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The New Horizons science team has released the best maps of both Pluto and Charon possible from the images taken during the spacecraft’s fly-by of the ninth planet last year.
The new maps include global mosaics of Pluto and Charon, assembled from nearly all of the highest-resolution images obtained by New Horizons’ Long-Range Reconnaissance Imager (LORRI) and the Multispectral Visible Imaging Camera (MVIC). These mosaics are the most detailed and comprehensive global views yet of the Pluto and Charon surfaces using New Horizons data.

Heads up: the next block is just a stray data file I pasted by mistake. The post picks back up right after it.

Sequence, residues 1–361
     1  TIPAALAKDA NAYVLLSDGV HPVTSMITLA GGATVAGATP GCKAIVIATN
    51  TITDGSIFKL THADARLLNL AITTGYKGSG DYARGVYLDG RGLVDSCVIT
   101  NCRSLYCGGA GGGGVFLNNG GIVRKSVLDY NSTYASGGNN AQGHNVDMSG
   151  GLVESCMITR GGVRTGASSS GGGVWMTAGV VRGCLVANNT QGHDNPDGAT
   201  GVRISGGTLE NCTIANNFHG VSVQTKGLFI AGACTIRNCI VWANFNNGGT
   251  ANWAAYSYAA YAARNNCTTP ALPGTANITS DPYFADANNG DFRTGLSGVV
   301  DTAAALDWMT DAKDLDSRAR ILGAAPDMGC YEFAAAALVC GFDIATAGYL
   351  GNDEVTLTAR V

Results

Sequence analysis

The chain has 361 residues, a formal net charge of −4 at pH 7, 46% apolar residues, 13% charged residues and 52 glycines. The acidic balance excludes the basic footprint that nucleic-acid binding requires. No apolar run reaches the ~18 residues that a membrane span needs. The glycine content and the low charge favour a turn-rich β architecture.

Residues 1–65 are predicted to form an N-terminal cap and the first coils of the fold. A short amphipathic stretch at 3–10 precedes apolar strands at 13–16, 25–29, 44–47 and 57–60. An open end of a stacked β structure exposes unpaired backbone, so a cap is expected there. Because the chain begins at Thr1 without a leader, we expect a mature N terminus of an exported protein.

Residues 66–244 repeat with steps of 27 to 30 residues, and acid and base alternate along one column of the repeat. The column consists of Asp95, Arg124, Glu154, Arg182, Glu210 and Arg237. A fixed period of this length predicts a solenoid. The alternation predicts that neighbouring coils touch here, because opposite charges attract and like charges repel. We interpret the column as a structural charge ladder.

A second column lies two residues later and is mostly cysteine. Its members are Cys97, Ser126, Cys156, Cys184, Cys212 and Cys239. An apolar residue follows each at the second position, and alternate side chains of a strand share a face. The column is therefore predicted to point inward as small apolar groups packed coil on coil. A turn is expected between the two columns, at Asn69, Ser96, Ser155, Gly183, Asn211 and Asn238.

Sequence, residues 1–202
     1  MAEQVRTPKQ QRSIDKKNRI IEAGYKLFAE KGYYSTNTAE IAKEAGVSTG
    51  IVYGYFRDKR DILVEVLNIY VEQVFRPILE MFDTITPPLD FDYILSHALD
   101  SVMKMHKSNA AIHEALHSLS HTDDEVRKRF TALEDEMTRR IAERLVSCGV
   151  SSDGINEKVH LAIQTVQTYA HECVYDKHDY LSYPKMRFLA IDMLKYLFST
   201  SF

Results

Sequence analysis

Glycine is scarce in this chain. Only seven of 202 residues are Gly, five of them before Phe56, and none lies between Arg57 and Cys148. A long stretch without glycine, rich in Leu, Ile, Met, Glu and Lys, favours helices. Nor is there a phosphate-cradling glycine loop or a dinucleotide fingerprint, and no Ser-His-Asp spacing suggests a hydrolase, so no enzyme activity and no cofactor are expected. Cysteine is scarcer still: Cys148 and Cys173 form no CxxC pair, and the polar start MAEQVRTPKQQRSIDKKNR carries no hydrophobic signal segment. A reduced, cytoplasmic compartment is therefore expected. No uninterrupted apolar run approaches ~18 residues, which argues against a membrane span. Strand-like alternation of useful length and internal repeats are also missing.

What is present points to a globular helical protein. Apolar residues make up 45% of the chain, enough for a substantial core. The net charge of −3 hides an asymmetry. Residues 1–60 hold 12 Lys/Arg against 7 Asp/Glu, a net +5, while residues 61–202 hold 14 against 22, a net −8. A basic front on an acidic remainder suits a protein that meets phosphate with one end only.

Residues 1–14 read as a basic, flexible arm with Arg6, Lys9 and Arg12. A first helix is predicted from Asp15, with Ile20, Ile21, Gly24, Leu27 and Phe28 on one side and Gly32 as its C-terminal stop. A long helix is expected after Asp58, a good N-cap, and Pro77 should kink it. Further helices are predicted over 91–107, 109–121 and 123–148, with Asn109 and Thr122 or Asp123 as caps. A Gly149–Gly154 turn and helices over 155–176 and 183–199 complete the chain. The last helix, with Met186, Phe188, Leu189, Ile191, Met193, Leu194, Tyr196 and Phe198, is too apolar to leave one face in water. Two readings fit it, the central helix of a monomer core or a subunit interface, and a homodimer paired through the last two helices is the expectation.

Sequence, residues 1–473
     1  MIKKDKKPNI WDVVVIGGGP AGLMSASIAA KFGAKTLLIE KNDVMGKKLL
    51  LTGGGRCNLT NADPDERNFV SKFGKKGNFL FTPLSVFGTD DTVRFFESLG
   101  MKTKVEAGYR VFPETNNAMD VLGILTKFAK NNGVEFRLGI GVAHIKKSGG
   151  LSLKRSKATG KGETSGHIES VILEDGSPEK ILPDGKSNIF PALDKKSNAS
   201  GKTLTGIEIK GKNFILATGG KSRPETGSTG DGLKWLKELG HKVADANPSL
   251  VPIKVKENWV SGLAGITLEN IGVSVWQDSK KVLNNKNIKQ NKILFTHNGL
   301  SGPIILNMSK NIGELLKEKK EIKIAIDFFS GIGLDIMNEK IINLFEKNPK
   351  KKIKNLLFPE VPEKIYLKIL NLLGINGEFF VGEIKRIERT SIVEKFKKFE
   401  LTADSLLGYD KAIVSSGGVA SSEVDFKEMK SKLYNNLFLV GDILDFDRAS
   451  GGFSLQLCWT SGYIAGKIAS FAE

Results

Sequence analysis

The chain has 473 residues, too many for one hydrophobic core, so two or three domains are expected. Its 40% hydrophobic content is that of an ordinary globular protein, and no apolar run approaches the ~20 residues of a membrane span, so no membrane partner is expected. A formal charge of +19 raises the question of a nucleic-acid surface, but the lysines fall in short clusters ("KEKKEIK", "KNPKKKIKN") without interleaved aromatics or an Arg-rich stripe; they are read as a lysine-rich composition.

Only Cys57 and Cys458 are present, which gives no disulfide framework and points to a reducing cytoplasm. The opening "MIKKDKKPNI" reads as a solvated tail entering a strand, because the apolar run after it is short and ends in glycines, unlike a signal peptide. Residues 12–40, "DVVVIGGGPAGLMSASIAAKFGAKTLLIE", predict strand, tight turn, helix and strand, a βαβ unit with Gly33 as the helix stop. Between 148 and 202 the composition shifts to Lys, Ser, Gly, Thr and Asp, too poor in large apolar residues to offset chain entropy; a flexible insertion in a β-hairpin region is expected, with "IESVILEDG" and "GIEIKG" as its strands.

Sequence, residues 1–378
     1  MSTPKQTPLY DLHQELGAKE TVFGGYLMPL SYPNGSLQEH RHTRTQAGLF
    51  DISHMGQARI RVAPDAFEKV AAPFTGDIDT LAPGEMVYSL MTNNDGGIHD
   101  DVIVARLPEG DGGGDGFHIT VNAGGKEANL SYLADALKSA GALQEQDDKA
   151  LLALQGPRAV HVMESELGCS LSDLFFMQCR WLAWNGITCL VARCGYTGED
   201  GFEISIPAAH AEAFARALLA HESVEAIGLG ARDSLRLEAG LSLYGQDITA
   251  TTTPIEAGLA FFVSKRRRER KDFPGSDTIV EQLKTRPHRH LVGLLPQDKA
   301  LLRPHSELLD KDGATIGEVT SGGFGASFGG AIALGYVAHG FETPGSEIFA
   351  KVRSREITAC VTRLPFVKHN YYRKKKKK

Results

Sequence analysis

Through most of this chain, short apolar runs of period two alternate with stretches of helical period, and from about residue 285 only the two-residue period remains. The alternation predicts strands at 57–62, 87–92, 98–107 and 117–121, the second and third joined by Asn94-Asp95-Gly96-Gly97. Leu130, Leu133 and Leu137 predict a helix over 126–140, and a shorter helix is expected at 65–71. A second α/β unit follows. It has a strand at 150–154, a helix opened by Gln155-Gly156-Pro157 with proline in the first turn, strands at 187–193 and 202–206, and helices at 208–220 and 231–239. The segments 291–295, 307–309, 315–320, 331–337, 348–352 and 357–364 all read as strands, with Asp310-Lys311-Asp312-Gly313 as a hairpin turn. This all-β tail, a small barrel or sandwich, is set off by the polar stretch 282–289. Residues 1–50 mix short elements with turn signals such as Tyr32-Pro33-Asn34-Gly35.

The new collection also includes topography maps of the hemispheres of Pluto and Charon visible to New Horizons during the spacecraft’s closest approach. The topography is derived from digital stereo-image mapping tools that measure the parallax – or the difference in the apparent relative positions – of features on the surface obtained at different viewing angles during the encounter. Scientists use these parallax displacements of high and low terrain to estimate landform heights.
You will also notice large areas of both Pluto and Charon that remain very fuzzy and unclear. What exactly is there will remain a mystery for many decades to come.